Although the nature has provided coloured cotton (Sundaramurthy et al., 1994) along with white cotton they are with short and weak fibres mostly of brown colour with poor yields hence are difficult to process in the mill and unable to meet the demand of the growing population and fast changing fashion. Hence the fibres of white cotton are being dyed with the organic and inorganic chemicals to improve the aesthetics of the fabric made out of them to meet the demands of the mankind. As dyeing is carried out in aqueous medium, it is necessary to first make the fibre hydrophilic and white so that it can absorb dyes and good colouration is produced. The properties of the scoured and bleached fibres of different hirsute varieties showed that the fibres of cotton variety Indica were whiter as these recorded the highest whiteness index of 72.05 and lightness (L*) value of 94.10 than the other varieties (Table 2). The lighter colour and maximum whiteness of fibres of Indica is likely to confer darker colour to the fabrics than other hirsute varieties. The fibres of MCU-5 were next in whiteness to Indica with whiteness index of 68.45 while the variety MCU-5 VT a reselection made from MCU5 for Verticillium wilt tolerance though had same degree of lightness (L*) of 93.15 was found to have the lowest whiteness index of 66.10 due to slight tinges of yellowness as seen from its b* value and this  might be due to changes in the gene profile as compared to MCU5. The fibres of variety Surabhi followed Indica in lightness value but again due to the presence of a tinge of yellowness as evident from a slightly higher positive value of b*, its whiteness index was lowered to 67.60 (Table 2) and this might be due to structural differences of the fibres. All varieties however had satisfactory whiteness and were free of colour as seen from the very low values of both a* and b* and hence were suitable for dyeing.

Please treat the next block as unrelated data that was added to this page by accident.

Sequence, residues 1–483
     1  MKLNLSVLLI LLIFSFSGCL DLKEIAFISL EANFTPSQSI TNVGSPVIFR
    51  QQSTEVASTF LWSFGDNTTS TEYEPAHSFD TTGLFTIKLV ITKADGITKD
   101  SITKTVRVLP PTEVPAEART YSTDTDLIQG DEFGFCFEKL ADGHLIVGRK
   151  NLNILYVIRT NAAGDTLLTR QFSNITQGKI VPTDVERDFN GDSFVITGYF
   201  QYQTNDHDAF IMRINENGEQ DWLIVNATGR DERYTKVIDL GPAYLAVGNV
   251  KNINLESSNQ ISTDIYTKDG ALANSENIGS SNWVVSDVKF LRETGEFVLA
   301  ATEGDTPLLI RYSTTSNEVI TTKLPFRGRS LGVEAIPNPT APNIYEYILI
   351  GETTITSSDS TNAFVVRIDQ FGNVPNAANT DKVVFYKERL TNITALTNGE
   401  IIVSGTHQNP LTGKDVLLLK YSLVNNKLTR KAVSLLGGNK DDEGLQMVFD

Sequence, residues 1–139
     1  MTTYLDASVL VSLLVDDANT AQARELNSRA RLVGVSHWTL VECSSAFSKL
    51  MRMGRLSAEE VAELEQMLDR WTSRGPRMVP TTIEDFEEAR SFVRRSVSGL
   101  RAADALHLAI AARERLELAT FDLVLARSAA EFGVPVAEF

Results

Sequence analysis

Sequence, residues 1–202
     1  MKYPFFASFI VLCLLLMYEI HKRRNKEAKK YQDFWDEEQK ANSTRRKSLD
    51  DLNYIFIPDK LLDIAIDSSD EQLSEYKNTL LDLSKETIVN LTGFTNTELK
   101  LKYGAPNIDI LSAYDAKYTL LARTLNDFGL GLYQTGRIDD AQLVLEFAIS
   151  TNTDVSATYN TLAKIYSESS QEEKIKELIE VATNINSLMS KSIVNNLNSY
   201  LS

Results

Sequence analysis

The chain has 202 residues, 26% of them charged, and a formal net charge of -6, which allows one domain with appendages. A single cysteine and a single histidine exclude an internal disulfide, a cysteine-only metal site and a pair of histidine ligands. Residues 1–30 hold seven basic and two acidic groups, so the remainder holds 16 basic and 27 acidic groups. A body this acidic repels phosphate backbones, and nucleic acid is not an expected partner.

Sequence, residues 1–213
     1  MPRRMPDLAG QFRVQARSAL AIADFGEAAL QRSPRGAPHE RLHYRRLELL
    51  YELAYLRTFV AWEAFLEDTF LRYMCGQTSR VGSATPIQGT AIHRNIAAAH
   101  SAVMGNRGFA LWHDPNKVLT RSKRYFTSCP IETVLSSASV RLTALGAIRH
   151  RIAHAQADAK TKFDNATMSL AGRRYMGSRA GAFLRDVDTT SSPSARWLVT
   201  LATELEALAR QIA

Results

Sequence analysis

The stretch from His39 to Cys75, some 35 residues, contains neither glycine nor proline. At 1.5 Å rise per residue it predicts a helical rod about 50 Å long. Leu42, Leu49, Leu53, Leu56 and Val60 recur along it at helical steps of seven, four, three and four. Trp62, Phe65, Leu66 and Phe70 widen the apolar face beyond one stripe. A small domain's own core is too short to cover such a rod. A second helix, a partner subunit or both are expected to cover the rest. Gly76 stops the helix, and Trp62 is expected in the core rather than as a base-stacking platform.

The results of dyeing performance of fibres of different cotton varieties with Novacron blue and Novacron Ruby red dyes showed that the colour space of the fibres of different varieties dyed with the blue dye was less than the red one (Table 3) However the percent dye bath exhaustion of both dyes for all cotton varieties was above 80 which is quite good. Higher dye exhaustion results in higher uptake of dye by the fibre from the dye solution and leaves lesser residual dye in the dye bath. Among varieties studied, Indica had highest dye bath exhaustion of 82.4% for blue dye and 82.8% for red dye and left a lesser level of 17.60 and 17.20% residual blue and red dyes respectively in the dye bath which is lower as compared to other varieties (Table 3).